• Butter: Best for baking, also good for frying, sautéing, as well as eating cold on breads, etc.
  • Extra Virgin Olive Oil: Frying, sautéing, roasting, grilling, cold use (salad dressings, dipping bread, etc.), baking. I was previously unsure of frying with EVOO, but this post and video changed my mind.
  • Coconut Oil: Frying, roasting, baking, use cold (in raw desserts, in smoothies, etc.). Almost anywhere that you enjoy it.
  • Animal fats like Beef Tallow or Pork Lard: Deep frying, roasting, anything high temperature (like homemade french fries or my summer favorite, deep fried zucchini sticks). Lard is also good for baking flaky pastries and crusts. Save your bacon grease and fry up the. best. eggs. ever.
  • Unrefined flax, sunflower, walnut, grape seed oils: Stick to cold use. Salad dressings, homemade mayonnaise.
  • Palm Oil/Shortening: Great for baking, especially for those who need a dairy-free substitute for butter. Can also be used for all types of frying, roasting, etc.
  • Cod Liver Oil: One of the few supplements that I recommend to everyone. Please (please!) don’t cook with the stuff, but do force yourself and your family to take it by the spoonful.

Don’t just take my word for it

When you’ve heard something over and over again, and from people that should know better, it’s hard to be convinced and get over the fear of fat that our society has developed. Read up on the subject, ask good questions and dig in for yourself.

I’ve written a far more extensive post on this topic on my own blog– Good Fats, Bad Fats, and Why I Eat Plenty of Butter. It includes a huge number of resources, including articles, videos, other blog posts, and books for you to learn more about this topic.

For those who want to just do a little bit more research, here are my top recommendations aside from that post:

  • The book Eat Fat, Lose Fat by Dr. Mary Enig and Sally Fallon.
  • Good Fat, Bad Fat: A Video Tutorial @ Food Renegade (this is an excellent video- about 18 minutes, but very helpful for those just beginning to learn about traditional fats)
  • Fat Full Fall @ Kitchen Stewardship (There are a ton of different posts exploring the merits of the different types of traditional and conventional fats, how to use them properly and more)

July Week One Action Item:

Each week we will try to give you some simple action steps to put this journey into practice. It is important that you start this journey by understanding yourself, your goals and perhaps your obstacles.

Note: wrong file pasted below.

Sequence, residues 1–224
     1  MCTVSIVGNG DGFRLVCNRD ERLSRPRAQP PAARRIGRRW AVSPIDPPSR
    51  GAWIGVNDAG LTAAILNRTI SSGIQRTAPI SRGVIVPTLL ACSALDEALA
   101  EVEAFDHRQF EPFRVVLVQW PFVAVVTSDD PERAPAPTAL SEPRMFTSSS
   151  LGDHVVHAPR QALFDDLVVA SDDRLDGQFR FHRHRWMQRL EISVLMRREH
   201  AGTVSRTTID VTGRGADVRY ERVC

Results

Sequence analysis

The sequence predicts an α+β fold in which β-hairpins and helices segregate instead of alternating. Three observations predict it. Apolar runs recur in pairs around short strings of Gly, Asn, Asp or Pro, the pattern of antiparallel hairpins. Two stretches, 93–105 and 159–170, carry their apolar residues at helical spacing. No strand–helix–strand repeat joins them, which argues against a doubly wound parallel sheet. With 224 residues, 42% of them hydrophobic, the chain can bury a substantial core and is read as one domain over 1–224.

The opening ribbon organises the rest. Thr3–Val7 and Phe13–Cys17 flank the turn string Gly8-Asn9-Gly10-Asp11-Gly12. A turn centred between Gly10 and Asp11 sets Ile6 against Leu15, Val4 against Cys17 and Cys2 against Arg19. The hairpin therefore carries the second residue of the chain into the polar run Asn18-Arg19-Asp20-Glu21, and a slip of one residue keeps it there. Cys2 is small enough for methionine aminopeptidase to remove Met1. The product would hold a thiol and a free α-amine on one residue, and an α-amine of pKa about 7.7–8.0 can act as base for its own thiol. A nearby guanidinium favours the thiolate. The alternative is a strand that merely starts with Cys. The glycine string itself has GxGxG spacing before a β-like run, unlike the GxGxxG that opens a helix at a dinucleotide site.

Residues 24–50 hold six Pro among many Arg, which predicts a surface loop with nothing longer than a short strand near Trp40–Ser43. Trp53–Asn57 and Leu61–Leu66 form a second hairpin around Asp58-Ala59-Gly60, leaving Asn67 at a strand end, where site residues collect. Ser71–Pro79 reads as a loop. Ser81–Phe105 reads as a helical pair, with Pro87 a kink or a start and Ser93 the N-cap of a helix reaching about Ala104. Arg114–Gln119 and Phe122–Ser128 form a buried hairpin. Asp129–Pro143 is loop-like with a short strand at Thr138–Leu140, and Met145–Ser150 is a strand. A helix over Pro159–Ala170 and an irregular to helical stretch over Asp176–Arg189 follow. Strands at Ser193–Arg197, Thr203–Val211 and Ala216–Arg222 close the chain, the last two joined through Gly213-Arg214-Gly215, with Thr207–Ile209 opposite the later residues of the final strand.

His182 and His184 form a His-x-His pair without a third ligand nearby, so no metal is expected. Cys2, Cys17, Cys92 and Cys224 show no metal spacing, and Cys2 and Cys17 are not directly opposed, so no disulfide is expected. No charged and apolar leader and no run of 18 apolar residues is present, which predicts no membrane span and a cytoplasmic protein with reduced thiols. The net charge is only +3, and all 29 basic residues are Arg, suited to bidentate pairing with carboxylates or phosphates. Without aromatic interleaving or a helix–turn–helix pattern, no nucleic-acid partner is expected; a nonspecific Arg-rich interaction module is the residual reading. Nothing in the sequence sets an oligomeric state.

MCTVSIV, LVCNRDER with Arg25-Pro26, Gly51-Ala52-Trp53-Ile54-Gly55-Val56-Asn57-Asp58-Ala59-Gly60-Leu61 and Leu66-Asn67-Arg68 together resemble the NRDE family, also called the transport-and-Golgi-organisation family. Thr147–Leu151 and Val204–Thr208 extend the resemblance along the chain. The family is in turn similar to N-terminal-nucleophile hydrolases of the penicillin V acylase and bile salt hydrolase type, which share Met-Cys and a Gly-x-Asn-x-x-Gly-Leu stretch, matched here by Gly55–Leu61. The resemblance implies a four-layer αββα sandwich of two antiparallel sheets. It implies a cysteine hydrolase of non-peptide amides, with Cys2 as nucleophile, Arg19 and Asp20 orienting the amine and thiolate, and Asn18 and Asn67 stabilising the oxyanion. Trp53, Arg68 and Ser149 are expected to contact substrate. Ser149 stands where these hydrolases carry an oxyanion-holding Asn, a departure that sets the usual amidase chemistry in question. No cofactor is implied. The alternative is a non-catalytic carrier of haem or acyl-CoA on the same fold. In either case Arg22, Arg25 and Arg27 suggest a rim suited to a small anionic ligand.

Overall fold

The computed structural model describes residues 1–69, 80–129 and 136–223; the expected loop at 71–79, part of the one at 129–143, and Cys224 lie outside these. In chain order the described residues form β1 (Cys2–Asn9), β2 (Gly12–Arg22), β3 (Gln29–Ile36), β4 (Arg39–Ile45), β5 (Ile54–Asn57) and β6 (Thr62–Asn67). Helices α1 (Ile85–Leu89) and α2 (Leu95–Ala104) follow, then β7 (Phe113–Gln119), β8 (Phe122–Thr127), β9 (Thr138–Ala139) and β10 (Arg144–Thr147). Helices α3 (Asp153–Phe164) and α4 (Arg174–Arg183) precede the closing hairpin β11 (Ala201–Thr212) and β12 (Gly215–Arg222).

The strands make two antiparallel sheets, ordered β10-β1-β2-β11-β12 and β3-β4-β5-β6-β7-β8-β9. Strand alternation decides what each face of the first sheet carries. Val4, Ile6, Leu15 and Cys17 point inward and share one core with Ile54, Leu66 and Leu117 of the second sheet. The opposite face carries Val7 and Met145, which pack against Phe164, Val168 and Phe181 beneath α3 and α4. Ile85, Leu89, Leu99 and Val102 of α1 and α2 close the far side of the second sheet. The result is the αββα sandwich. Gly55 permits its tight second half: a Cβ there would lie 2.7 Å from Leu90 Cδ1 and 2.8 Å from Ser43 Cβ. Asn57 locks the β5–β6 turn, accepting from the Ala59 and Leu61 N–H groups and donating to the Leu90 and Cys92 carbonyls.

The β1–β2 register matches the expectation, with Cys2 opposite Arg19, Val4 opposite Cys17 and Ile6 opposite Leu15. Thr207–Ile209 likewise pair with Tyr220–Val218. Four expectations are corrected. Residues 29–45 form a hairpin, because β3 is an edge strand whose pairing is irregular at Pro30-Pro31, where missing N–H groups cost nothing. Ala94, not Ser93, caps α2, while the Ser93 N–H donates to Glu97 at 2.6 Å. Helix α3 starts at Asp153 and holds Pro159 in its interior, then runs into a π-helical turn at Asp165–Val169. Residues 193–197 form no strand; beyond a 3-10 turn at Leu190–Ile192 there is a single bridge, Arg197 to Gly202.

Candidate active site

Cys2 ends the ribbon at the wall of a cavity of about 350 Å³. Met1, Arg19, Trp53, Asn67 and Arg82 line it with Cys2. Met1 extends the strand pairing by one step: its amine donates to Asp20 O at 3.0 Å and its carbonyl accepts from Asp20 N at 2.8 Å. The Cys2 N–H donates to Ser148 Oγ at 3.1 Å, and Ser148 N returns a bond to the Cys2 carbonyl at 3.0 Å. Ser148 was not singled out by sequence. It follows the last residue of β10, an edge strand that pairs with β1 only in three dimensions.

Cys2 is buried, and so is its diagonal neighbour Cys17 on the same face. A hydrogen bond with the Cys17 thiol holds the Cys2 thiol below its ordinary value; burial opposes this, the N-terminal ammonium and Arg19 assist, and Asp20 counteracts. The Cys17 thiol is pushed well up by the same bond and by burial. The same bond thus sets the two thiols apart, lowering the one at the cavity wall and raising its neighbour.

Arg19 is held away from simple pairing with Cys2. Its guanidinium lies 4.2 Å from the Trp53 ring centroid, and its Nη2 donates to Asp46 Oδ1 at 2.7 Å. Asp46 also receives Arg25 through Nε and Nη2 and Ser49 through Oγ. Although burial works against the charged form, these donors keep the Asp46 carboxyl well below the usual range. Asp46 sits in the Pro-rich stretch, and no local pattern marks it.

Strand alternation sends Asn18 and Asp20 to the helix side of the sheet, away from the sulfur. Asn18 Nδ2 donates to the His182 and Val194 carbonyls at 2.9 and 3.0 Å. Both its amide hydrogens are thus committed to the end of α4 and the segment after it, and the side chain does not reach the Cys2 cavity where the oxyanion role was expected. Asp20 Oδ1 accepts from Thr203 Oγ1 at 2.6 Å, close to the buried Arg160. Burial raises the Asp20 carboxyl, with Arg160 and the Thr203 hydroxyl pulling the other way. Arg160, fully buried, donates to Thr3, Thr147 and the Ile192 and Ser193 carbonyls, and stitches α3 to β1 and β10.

1. Do you struggle with begin fearful of fat? Or simply not knowing which ones really are good and bad?
  2. Which fats do you use in your home and for what purposes?
  3. This week start to eliminate all of the non-fat, low-fat, 1% items in your home and replace them with full fat staples. Let us know what you think of the tastes!

July Get Real:

Please take a moment to thank our guest authors by clicking over to their sites and/or liking them on Facebook and/or Twitter.

Sponsor:  Once A Month Mom

Guest Author: Stephanie Langford of Keeper of the Home

 

Top image by ChristineLeiser

19 Responses to “Get Real: Know Your Fats (the Good and the Bad)”

  1. I have to say thanks for the advice, but no thanks. I do use good oils, olive oil quite a bit, but my body can not digest fats properly so I will not get rid of my low fat items. I noticed you didn’t say anything about low fat/skim milk. I will never understand why someone would dish skim milk. yes, we all need some fats, but most get way too much in america. Be careful you aren’t encouraging people to eat more fats.

    • Kelly says:

      I agree that Americans do already eat a lot of fat. The problem, though, isn’t that we’re eating a lot of fat. The problem is which kinds of fat we are eating. Most of the fat that is currently being consumed is refined vegetables oils, hydrogenated fats, and saturated fat from animals in confinement. These do entirely different things in the body than the types of traditional fats that I am talking about. Rather than focus on eating low-fat, the switch that we need to make is in the particular fats that we consume.

      From Stephanie – I know that it’s really hard to wrap our brains around, when we are constantly bombarded with low-fat, no-fat propaganda, but our bodies really do need fat. Not necessarily more fat, just different fats, and it’s not a healthy path for anyone to try to eat a low-fat diet. You mentioned that your body doesn’t digest fats well, but that is something that really warrants looking into more. Do you struggle with your digestion in general (perhaps your intestinal flora, ie. good and bad bacteria balance, is off)? What types of fats are you eating? What are you eating them with? Have you struggled with digesting fats since a certain point in time (perhaps after an illness, or a change in diet, etc.)? There are a lot of reasons that your body could be handling fats (or at least, certain fats) poorly but that’s something that you would need to dig a bit deeper to figure out. What I’m saying is, fats aren’t necessarily the culprit, but your inability to digest them well could be a symptom of something else.

    • Alyssa says: